Carrots are also high in antioxidants, especially the powerful cancer-fighter beta-carotene. That's also true of the seeds of the wild carrot plant (also known as Queen Anne's Lace), which are pressed to create this common skin-care ingredient. Carrot seed oil may help reduce inflammation in dry, irritated skin, and can even help fight off precancerous skin lesions on skin exposed to too much sun. [Source: Annemariegianni.com] Because of this, carrot seed oil is often added to sunscreen as well as to anti-aging creams and serums.
This kitchen staple also has a place in skin-care, although it should be saved for people with very dry skin, says Miami-based dermatologist Leslie Baumann, MD in a interview with Totalbeauty.com. [Source: Davis] Olive oil is moisturizing, full of nutrients and fatty acids, and may even protect against skin cancer, according to one Japanese study done on mice. [Source: Budiyanto et al.] Consider slathering olive oil on dry hands and feet before bed (put on gloves and socks to protect your sheets), or adding a few tablespoons to your bath water. Look for the term "first cold press" on the bottle, which means that the oil hasn't been exposed to high temperatures that can destroy or alter its antioxidant content.
- Anne Marie Gianni Skin Care. "Ingredient Showcase: Carrot Seed Oil, a Moisturizing Skin-Rejuvenator" August 6, 2012. (September 16, 2013) http://www.annmariegianni.com/ingredient-showcase-carrot-seed-oil-a-moisturizing-skin-rejuvenator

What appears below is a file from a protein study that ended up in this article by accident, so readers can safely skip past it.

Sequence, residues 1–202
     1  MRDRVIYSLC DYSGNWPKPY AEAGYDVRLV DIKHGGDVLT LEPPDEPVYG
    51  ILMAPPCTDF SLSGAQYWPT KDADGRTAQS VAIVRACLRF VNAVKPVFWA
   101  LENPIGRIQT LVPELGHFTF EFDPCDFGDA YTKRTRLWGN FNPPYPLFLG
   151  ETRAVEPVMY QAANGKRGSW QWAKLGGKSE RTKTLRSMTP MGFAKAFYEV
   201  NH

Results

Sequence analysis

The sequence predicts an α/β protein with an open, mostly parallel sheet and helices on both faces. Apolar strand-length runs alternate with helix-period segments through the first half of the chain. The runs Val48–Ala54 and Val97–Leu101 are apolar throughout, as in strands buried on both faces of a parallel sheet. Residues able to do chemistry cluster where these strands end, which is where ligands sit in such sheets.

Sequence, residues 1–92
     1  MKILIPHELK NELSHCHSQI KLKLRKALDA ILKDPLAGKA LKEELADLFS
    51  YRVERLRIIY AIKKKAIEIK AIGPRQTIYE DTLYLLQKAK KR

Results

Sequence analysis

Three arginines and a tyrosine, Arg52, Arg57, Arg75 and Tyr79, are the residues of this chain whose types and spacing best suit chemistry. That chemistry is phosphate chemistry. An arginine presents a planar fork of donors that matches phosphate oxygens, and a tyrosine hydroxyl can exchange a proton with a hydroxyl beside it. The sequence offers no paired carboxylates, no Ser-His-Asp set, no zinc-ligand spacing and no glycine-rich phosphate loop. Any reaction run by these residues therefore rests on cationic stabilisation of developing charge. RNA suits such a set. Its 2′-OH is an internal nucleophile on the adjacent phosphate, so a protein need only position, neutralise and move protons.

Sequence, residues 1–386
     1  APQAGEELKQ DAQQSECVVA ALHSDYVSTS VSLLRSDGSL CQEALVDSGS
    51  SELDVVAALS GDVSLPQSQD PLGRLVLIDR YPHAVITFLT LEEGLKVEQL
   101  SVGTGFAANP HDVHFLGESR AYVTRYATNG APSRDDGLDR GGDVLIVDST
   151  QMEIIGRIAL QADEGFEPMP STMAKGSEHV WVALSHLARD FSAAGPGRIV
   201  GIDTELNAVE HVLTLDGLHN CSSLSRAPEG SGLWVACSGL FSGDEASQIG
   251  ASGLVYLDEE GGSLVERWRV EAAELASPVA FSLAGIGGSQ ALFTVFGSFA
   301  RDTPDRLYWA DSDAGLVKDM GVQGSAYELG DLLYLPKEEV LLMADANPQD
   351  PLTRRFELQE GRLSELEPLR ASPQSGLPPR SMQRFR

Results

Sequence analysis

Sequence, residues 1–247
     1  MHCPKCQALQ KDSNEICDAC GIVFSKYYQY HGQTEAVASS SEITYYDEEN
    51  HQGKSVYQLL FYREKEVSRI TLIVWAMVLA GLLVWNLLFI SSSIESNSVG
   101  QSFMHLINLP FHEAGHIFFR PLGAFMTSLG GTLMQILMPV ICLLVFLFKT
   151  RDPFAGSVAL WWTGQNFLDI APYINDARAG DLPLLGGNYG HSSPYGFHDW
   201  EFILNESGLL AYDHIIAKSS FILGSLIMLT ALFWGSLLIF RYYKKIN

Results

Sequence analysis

- Austin, Phoenyx, MD. "What's In Your Beauty Pantry Doc?... Peppermint Oil!" Natural Chica. September 9, 2012. (September 16, 2013) http://www.naturalchica.com/2012/09/whats-in-your-beauty-pantry-doc-peppermint-oil-by-dr-phoenyx-austin/
- Budiyanto, A, et al. "Protective effect of topically applied olive oil against photocarcinogenesis following UVB exposure of mice" Carcinogenesis. (2000) 21 (11):2085-2090. doi: 10.1093/carcin/21.11.2085 (September 16, 2013) http://carcin.oxfordjournals.org/content/21/11/2085.full
- Davis, Dawn. "7 Oils That'll Change Your Skin." TotalBeauty.com via Today Beauty. July 25, 2012. (September 16, 2013) http://www.today.com/id/47270264/ns/today-today_style/t/oils-thatll-change-your-skin/
- Davis, Susan. "10 Winter Skin Care Tips." WebMD. December 21, 2007. (September 16, 2013) http://www.webmd.com/beauty/ten-winter-skin-care-tips
- Johannes, Laura. "Hard Nut to Crack: Beauty and Antioxidant Oil" Wall Street Journal. June 11, 2012. (September 16, 2013) http://online.wsj.com/article/SB10001424052702303768104577460504019108684.html
- Karcher, Cheryl, MD. Personal interview. September 13, 2013.
- Keville, Kathy. "How to Cure Dry Skin With Aromatherapy." Discovery Fit & Health. (September 16, 2013) https://health.howstuffworks.com/skin-care/problems/treating/how-to-cure-dry-skin-with-aromatherapy.htm
- Main, Emily. "Top 4 Moisturizers for Dry Skin." Rodale.com via Good Morning America / ABC News. March 3, 2013. http://abcnews.go.com/Health/SkinCare/top-moisturizers-dry-skin/story?id=18629073
- Siddons, Sarah. "Is Olive Oil Good for My Skin?" Discovery Fit & Health. (September 16, 2013) https://health.howstuffworks.com/skin-care/beauty/anti-aging/olive-oil-for-skin.htm
- Van Damme, Yvonne. "The Benefits of Grapeseed Oil for Your Skin." DailyGlow. November 11, 2011. (September 16, 2013) http://www.dailyglow.com/the-benefits-of-grapeseed-oil-for-your-skin.html
- Zerbe, Leah. "Lotion Vs. Oil: Which Is Better for Your Bod?" Rodale.com. January 18, 2011. (September 16, 2013) http://www.rodale.com/moisturizers